PLANS to install solar energy panels at a Boston leisure centre are to be treated as ‘urgent’ and fast-tracked by Boston Borough Council.
The Geoff Moulder Leisure Centre (GMLC), in Rowley Road, is the site recommended for the solar roof panels – estimated to cost £124,294 to install.
At a cabinet meeting yesterday (Tuesday) members voted to move forward with the plans and complete all necessary surveys, contracts, and register in time for the Government’s energy scheme – Feed in Tariffs (FIT) which gives financial rewards to those investing in renewable energy.
The deadline for this is December 12 – from which date the Government will cut solar subsidies by about half. This means the council’s profit from the investment could drop significantly.
The forecast profit over 25 years for the GMLC is now £637,277, less than previously estimated by the council.
But if the council fails to hit the deadline before the solar subsidies are cut – this could fall to about £400,000.
At the meeting, Coun Peter Bedford, leader of the council, said: “Discussions are taking place at county level and we should know in the next 24 hours whether there is any possibility of including the Geoff Moulder Leisure Centre within the schedule.”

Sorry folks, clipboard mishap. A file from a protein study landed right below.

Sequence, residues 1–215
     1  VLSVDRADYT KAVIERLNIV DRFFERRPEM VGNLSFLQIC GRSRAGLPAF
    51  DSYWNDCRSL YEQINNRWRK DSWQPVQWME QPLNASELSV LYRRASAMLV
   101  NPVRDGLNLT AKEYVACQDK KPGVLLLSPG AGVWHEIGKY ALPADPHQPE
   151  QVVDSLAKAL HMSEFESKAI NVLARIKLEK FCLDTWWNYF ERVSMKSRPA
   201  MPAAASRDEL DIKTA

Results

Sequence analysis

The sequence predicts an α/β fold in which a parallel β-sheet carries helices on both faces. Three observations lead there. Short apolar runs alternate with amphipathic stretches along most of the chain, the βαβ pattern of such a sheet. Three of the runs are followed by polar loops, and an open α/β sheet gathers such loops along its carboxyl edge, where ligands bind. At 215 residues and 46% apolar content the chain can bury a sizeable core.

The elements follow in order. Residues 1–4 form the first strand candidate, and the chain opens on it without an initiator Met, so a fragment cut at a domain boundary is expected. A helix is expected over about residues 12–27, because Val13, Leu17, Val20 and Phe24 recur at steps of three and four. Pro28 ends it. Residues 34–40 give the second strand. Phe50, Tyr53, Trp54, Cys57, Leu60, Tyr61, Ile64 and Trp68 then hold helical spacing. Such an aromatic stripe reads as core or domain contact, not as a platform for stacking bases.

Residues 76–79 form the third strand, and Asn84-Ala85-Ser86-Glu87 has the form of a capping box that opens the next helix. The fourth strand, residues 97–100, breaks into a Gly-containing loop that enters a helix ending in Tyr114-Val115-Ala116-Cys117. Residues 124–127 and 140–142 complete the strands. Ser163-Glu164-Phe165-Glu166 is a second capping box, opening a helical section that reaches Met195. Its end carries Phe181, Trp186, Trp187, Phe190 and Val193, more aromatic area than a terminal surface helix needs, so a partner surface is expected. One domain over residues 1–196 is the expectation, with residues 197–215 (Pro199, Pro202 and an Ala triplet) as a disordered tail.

He added that ‘the mayor has agreed that such a decision should be treated as urgent’ and said this would mean not referring the matter to full council.
An earlier report underestimated the amount of energy the solar panels could generate at the GMLC site at 50 per cent. This is now anticipated to be between 80-90 per cent, meaning the energy saving made could be much higher.
Speaking at the meeting, Coun Bedford added: “It is recommended that the solar scheme is fully-financed by the council and fast-tracked.”
If the council fails to meet the deadline it will decide later this month whether to go ahead with the plans based on the lower tariffs.
Boston Crematorium and the Municipal Buildings, in West Street, were two other sites considered for the solar panels but GMLC was chosen as it uses the most energy of the three and is therefore expected to provide the greatest profit.
After installation, the solar panels are expected to generate ‘payback’ savings in almost seven years.